The mandate requirement of working statement for every patent granted in India has been very well defined in section 146 (2)the Patents Act, 1970. The working statement requirement can be fulfilled by submitting the prescribed Form 27 at the Patent Office, each year within 3 months from the end of the calendar year, i.e. by 31st March of the subsequent year.

The working statement is a declaration required from the patentee or the licensee, stating if the patent has been commercially exploited / implemented / worked in India to meet the reasonable requirements of the public at a reasonable cost in the last calendar year, along with other details and reasons, as applicable. Non-compliance to the working statement may increase the risk of compulsory license and revocation of the patent in India. Also, the patentee or the licensee shall be punishable with a fine which may extend to ten lakh rupees for non-submission of the working statement. Despite the risk of revocation and huge penalty, it seems that the compliance mandate requirement by the right-holders is not fulfilled d at the Patent Office.

In 2015, a writ petition was filed in public interest, at the Delhi high Court, pointing out serious lapses in the filing of "patent working" documents by various patentees. Filings under Form 27 are meant to indicate how patentees have (or have not) worked the patent for the public benefit. Even those patentees who have filed the working statement, took it very lightly and submitted only scanty information. At the time of filing petition, the petitioner examined over 150 filed Form 27s relating to life saving drugs, high technology inventions and public funded research units. Based on the study, the petitioner found that many patentees have failed to submit annual returns.

Amongst the submitted forms, a number of them were either incomplete, evasive or defective. The sample also included shocking instances where patentees cited 'confidentiality' and refused answers to particular queries in the Form. The petitioner pointed out several other instances where requirement of working statement had been taken very lightly and vague information was submitted. Government's Annual Report too, shows that over 30 per cent of patentees did not submit Form 27s in 2013. The Patent office has issued 43920 patents during the year 2012-13, but returns as prescribed under Form-27 have been received only from 27946 patentees; and, shockingly, only 6201 patents have been disclosed as being worked by the patentees. No action was taken by Controller General (CG) under Section 122.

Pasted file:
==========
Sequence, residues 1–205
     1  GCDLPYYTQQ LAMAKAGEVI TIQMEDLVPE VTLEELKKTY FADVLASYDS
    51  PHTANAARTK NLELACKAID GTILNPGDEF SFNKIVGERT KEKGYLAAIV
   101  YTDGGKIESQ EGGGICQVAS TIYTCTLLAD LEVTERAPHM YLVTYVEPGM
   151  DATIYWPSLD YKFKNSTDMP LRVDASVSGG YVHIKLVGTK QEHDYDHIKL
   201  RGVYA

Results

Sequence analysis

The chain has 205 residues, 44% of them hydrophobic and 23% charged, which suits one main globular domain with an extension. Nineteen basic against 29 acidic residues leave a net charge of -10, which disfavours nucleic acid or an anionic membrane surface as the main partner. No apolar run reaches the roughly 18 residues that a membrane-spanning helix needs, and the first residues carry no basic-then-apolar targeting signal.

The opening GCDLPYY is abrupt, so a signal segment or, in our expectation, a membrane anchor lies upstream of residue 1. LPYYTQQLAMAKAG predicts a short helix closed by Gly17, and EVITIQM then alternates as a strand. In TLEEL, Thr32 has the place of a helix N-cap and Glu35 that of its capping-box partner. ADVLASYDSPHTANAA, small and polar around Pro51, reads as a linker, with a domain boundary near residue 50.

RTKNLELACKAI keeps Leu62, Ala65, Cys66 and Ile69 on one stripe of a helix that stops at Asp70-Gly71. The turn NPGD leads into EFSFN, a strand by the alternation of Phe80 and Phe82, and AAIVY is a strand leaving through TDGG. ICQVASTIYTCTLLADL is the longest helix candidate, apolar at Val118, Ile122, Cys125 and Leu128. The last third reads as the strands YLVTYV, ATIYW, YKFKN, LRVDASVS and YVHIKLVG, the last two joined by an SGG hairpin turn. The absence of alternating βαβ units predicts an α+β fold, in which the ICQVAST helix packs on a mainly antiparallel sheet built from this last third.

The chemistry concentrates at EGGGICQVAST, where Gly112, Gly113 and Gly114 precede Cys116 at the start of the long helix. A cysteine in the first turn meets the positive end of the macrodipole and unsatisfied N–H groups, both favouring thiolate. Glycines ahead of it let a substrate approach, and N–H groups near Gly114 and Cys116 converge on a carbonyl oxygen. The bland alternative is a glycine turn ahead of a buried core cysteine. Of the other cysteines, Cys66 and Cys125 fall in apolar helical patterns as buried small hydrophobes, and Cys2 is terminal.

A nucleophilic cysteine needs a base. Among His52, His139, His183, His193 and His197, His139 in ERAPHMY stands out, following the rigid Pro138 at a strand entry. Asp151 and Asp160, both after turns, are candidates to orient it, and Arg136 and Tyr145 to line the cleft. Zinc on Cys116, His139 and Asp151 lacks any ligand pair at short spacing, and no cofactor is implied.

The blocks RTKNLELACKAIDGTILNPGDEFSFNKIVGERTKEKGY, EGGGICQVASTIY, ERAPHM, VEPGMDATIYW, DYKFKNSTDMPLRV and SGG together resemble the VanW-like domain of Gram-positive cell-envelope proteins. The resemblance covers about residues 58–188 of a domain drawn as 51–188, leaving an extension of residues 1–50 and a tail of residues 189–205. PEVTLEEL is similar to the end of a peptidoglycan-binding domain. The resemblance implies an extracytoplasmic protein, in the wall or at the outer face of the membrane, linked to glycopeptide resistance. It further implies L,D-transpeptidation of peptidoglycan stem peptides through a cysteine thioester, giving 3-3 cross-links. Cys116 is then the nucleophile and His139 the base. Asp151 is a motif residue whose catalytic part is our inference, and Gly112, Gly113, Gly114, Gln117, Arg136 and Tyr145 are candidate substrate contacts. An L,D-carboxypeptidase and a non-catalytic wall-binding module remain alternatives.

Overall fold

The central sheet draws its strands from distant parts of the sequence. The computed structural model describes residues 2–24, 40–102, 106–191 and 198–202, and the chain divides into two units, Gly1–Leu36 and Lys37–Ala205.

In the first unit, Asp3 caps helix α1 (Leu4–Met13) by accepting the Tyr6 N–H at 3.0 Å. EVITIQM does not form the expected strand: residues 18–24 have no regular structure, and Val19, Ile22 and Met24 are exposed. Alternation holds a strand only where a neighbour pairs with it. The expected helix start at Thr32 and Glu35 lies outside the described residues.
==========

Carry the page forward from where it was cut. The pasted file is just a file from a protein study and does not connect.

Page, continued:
Sample Case Study:

NATCO Pharma, which was granted a compulsory license for an important anti-cancer drug, did not disclose as to how it was operating the license (and the quantum of drugs it was selling etc.). This despite the fact, that the Patents Act requires such reporting on working of patents even from licensees. Even the compulsory licensing order issued by Controller General had mandated that NATCO submit all information pertaining to quarterly sales.

The Petitioner also queried the CGPDTM regarding the action in case of M/s NATCO Pharma having failed to comply with the said requirements. In its response the petitioner has been informed that as per its records "no details are available".

Another shortcoming can be seen where Ericsson, in respect of Patent No. 203034 of August 24, 1999, mentioned against the column "the licenses and sub-licenses grant during the year" that as all the license are confidential in nature, the details pertaining to the same shall be provided under specific direction from the Patent Office.

The petitioner pointed that so far as the grant of patents is concerned, pertinent information is available on the website of the Patents Office. All that the patentees submitting Form-27 are required to submit, is the details of the licenses and sublicenses. This information cannot be termed "confidential" and therefore, the Patents Office must treat such suppression as failure to comply with the requirements of Section 146 of the Patents Act, 1970 and to take action against the patentees who do not furnish the required information.

The respondent, when came apprised about the above-mentioned facts, stated that concerns raised by the petitioner are valid and it is not adversarial litigation. The Respondent admitted that no action had been initiated under Section 122 so far. He also stated that Government was re-examining the form itself in view of the glaring defects pointed out in the petition.

After hearing the submissions, the Bench expressed disappointment with the state of affairs and directed the respondents to file a status report before the next date of hearing on the extent of non-compliance and action taken. In particular, it asked the Government to state what steps were taken after filing the writ petition and the course of action planned to rectify the form.

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